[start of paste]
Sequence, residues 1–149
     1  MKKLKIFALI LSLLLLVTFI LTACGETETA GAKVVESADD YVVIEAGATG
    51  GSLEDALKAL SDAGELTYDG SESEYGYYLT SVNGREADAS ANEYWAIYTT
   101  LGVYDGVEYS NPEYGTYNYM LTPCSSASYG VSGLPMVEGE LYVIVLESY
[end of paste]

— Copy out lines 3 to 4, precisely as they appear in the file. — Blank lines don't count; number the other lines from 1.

    51  GSLEDALKAL SDAGELTYDG SESEYGYYLT SVNGREADAS ANEYWAIYTT
   101  LGVYDGVEYS NPEYGTYNYM LTPCSSASYG VSGLPMVEGE LYVIVLESY